The report found Saudi charities spend on average almost three-quarters of their income on aid and activities. Overheads account for 22 per cent of expenditures. Charities are funded mainly by benefactors – at 30 per cent, donations represent the lion’s share of income – and government support, which comes in at 27 per cent.

Among foundations, 64 per cent of their income goes to fund programmes and grants, with operational costs at 36 per cent. The average annual budget stands at SR44.5m, but some 40 per cent of foundations polled warned they expected this to fall sharply in the future.

Shaping society

The field is ahead of the social curve in other ways too. As the government redoubles efforts to draw women into the workforce, nonprofits have led from the front on equal opportunities. Women hold almost 43 per cent of jobs in the nonprofit workforce, higher than any other sector. In the corporate sphere, their share is less than 15 per cent.

Perhaps more surprising, however, is the finding that nonprofit jobs typically pay higher salaries, and offer shorter working hours than those in the private sector. The third space is rarely seen as a viable career option for Saudi youth, who favour public, and then private sector jobs. But leveraging this advantage could help nonprofits step up their game in recruiting bright young employees.

“We need to lay out the value proposition in joining the sector. That means talking about wages and talking about working hours,” says Princess Banderi. “Now we have that information – because it’s previously been a challenge to source it – we can attract good talent to see this as a viable sector.”

A further boost would be the launch of courses at universities in nonprofit management and philanthropic studies, to cultivate a new generation of sector experts.

Another priority is to shift the dial on volunteering. An estimated 11,000 Saudis donate 100 hours of their time each year to doing good, and by 2030, the government hopes to swell their ranks to 1 million. Meeting this target would spark a wholesale shift in the kingdom’s giving culture, believes Princess Banderi, by encouraging widespread community involvement in social welfare. And perhaps the fastest way to achieve it is by placing social action at the heart of the education system.

“When you have that culture of volunteering your time it has this ripple effect of encouraging people to actually physically participate, rather than just giving money,” she says. “The 1 million volunteers is a huge number to meet, but it’s doable if we create proper volunteering systems within schools and universities.”

Philanthropy is already woven into the social fabric of the country, she notes. “The inclination to give is there – it’s just a question of motivating it correctly.”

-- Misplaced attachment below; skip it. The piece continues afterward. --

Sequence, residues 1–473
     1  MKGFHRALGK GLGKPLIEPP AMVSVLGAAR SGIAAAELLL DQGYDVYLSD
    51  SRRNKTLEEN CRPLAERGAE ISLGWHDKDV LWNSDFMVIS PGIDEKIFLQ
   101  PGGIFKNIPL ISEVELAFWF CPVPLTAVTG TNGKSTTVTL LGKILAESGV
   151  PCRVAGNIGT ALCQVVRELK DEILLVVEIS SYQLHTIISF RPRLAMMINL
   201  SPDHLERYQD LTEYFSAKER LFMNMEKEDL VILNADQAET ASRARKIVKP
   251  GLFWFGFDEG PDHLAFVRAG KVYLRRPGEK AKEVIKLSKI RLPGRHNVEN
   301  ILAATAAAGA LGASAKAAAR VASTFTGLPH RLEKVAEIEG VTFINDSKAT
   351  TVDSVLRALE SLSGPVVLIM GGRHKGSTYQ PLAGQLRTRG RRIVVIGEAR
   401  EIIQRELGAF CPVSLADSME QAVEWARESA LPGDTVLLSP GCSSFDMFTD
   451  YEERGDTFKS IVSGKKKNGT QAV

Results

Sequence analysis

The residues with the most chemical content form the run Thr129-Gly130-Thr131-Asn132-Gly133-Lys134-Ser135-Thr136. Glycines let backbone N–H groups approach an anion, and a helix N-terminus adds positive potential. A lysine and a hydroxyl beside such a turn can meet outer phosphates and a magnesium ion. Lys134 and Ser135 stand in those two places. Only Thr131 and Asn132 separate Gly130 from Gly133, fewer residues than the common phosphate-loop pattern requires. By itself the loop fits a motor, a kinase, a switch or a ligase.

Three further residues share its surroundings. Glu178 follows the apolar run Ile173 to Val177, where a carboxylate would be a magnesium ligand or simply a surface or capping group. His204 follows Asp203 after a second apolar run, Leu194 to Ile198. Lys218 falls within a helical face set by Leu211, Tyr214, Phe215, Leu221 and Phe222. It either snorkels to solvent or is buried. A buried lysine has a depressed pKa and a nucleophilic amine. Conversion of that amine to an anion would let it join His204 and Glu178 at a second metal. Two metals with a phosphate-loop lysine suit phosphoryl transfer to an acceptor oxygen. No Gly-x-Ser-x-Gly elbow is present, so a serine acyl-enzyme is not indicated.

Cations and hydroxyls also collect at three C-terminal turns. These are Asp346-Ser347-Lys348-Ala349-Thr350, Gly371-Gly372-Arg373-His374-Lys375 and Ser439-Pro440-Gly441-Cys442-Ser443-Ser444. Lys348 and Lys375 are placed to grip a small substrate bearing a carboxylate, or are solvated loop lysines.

The road ahead

Unlocking the full potential of the nonprofit space – and opening up new avenues for innovation – demands cross-sector support. The report recommends the structuring of an independent commission able to sharpen governance, organisation and reporting among nonprofits – and to corral support from businesses and state entities to advance their cause. (The sector is currently overseen by the Ministry of Labour and Social Development.)

Better tracking of the sector’s economic clout - in job creation, social spending, and in advancing Saudi Arabia’s national goals – would also help position nonprofits as key partners in social change.

“It would help with the argument that the government doesn’t need to be the only implementing body,” says Princess Banderi. “It would show nonprofits can and do have impact.”

A change in corporations’ CSR and funding policies could also, she believes, give the sector impetus to professionalise. As donors, businesses could play a leading role in encouraging better impact reporting and transparency from nonprofits organisations.

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Further professionalisation of the sector would help nonprofits improve their outcomes and reach.

“Nonprofits follow the money,” she notes. “If the corporate sector was more responsible in its giving, I think that would very quickly affect the behaviour of nonprofits in a positive way.”

Most of all, however, it is down to nonprofit organisations themselves to get their houses in order. According to the report, this includes revamping their goals, programmes and activities to align with Saudi’s Vision 2030 roadmap and focusing on outcomes over outputs. Above all, it means delivering results that will both meet urgent needs, and be sustainable for the long term.

“We need to challenge ourselves to step forward, make a difference and hold ourselves accountable to the impact that we’re having,” argues Princess Banderi. “Organisations also need to think more about how they invest, or how they achieve sustainability. Any organisation that depends on fundraising is at the mercy of the economy, the mood and donor trends.”

In Saudi Arabia’s rapidly changing landscape, the nonprofit sector has an opportunity to raise its profile, expand its reach and to be recognised as a pivotal cog in the economy. This represents a new chapter for the sector: and one that will have benefits for Saudi society for years to come.

“This is what is exciting: we’re in a period of change, and I feel the future is bright,” says Princess Banderi. “For years, government and the private sector have received a lot of attention, and nonprofits have only really been on the radar for the past two years. So we may be starting from behind, but we’re running as fast as we can.”